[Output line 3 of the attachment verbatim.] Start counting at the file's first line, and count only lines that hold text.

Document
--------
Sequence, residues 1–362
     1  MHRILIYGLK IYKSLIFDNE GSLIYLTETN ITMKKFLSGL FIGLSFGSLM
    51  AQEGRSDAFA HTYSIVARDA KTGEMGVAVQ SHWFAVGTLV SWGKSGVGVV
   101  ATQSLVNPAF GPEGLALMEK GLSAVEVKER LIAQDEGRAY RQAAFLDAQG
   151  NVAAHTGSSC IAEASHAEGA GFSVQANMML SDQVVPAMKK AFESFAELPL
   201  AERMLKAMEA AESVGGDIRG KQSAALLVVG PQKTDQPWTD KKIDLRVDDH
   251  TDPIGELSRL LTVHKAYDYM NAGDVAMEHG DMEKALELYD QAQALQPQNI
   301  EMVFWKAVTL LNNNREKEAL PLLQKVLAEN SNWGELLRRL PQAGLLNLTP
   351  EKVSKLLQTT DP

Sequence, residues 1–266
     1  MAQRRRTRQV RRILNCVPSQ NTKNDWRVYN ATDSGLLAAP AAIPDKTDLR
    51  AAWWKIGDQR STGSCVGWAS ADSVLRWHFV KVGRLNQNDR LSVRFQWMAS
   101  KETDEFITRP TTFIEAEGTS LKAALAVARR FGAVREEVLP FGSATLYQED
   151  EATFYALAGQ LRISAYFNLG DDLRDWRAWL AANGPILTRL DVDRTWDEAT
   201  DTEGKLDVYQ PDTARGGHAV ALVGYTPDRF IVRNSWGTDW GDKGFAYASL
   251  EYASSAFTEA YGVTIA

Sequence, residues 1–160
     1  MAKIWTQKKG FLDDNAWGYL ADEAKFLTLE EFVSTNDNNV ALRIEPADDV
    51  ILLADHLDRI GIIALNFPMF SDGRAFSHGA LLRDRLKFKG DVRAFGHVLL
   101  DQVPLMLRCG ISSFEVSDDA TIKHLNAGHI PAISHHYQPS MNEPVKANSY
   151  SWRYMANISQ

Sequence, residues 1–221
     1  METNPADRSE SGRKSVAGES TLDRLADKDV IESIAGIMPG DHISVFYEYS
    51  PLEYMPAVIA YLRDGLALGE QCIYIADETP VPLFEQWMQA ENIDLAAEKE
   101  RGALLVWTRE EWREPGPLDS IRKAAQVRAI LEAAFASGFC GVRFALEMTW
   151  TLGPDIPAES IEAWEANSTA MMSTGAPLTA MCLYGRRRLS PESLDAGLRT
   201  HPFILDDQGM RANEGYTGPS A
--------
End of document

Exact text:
    51  AQEGRSDAFA HTYSIVARDA KTGEMGVAVQ SHWFAVGTLV SWGKSGVGVV